Red means stop, green means go, blue means — wait, what?
Drivers on 23rd St. after Wednesday morning might be surprised to see blue traffic lights when they cross Louisiana and Iowa streets. The blue lights don't signal some new traffic rule; they're meant to help enforce an old standard: stopping at the red light.
City workers and researchers from the Kansas University School of Engineering are partnering to install eight blue lights Wednesday at the intersections of 23rd and Louisiana and 23rd and Iowa streets as part of an experimental traffic safety effort.
Drivers don't need to do anything different when they see the blue lights perched at the four points of each intersection, said Steven Schrock, one of the leaders of the research group and an assistant professor at KU's Department of Civil, Environmental and Architectural Engineering.
The blue light simply turns on when the existing traffic light turns red, allowing police to see from any direction whether a driver just made it through on yellow or blew the red light long after it turned.
Ordinarily, a police officer can only be sure of a red light violation if positioned directly behind the driver. The researchers see the blue lights as an alternative to automated red-light cameras, which are used to catch offending motorists in other states but are not allowed in Kansas.
Transportation officials say the human cost of ignoring red lights is significant. At least 676 people across the nation died in vehicle accidents in 2009, the most recent year for which national figures are available, because a driver ran a red light, according to the Federal Highway Administration. The project in Lawrence, and a twin version in Overland Park at the intersections of College Boulevard and South Quivira Rd, and W. 75th Street and Metcalf Ave., is being paid for with a $120,000 grant from the Kansas Department of Transportation and the Mid-America Transportation Center, a consortium of university research centers from across the Midwest.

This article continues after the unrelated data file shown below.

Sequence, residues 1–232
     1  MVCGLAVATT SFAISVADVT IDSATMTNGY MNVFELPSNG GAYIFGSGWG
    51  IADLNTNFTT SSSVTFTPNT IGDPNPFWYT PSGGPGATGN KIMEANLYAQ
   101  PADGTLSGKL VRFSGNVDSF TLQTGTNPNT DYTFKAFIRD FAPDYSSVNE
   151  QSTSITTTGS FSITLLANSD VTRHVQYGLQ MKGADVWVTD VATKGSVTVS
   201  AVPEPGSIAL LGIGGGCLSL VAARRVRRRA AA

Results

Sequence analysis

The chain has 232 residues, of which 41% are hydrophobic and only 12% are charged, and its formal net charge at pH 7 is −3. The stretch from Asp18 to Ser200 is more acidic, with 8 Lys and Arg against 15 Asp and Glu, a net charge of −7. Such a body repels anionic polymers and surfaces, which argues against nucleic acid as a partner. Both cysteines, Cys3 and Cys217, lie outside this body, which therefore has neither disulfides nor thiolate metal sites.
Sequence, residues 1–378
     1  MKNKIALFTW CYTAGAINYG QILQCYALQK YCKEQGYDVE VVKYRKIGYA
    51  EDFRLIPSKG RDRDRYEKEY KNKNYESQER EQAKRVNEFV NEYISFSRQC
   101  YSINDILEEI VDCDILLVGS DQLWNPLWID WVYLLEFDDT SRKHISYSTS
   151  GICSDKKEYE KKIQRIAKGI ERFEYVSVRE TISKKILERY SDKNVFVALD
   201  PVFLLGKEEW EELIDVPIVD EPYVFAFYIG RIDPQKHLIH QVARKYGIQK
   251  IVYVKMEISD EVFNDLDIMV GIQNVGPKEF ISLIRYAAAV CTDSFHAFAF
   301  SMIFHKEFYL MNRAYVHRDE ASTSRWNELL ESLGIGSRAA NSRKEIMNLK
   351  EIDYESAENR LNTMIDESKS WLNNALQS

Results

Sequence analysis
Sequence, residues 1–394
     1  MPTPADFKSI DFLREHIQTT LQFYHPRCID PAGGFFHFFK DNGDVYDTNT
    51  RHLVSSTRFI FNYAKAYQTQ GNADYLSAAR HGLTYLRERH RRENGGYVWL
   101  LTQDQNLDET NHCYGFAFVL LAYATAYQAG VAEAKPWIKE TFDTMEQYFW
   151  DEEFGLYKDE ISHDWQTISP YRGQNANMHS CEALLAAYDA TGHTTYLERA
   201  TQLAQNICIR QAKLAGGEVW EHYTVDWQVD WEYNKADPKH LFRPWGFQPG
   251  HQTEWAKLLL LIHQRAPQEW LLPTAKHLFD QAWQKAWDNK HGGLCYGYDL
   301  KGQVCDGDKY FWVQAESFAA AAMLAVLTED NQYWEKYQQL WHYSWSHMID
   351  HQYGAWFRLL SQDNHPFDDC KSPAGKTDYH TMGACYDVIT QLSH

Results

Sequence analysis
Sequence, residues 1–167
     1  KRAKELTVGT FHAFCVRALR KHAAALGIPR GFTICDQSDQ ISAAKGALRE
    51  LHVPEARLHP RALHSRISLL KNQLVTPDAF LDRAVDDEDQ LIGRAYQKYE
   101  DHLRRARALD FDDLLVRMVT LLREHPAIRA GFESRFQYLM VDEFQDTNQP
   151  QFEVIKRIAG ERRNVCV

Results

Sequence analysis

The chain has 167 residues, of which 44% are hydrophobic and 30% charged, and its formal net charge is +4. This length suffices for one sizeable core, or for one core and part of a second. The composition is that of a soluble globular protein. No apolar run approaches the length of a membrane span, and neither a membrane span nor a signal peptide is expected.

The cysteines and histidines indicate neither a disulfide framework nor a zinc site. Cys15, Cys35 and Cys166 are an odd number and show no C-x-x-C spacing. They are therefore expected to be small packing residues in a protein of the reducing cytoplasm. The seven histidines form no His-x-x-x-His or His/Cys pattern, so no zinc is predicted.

The study group, also led by Eric Fitzsimmons, a researcher at the KU Transportation Research Institute, watched video of about a dozen intersections in Lawrence and consulted with city officials and police before settling on the intersections at Louisiana and Iowa Street. Those two were chosen because they handle a high volume of traffic and showed a persistent pattern of drivers running red lights.
The Lawrence Police Department did not seek out this this project in order to write more tickets, according to Sgt. Trent McKinley, a Lawrence Police Department spokesman. But officers will find it helpful in making sure the tickets they do write pass muster in court, and the blue lights will allow them to watch for red-light runners more safely, without having to position themselves in the middle of traffic.
Over the next six months, the KU researchers will continue studying all of those intersections — with and without blue lights — and report to city and state officials any differences they find.
Similar blue lights have been tried in Florida, Kentucky, Texas and Minnesota, but there hasn't been enough data collected to say for sure how well they work, Schrock said. For their part, city officials in Naples, Fla., where the blue lights were installed earlier this year, say it isn't clear what effect they have had on driver behavior.
The researchers hope the blue lights will affect driver behavior across a wider area than the two intersections, but say they won't know until they see how people respond. People might tend to run red lights at a certain intersections because the timing of the signals makes the wait seem longer than it is, Schrock said, or because it is a difficult place for police to catch them.
"If people seem to get the perception that 'I could cheat here,' or 'I can see that people are cheating here and not getting caught,' then the power of the red light to stop people is less," Schrock said. "But, if word gets out about the blue lights, maybe they'll say 'Not at this intersection.'"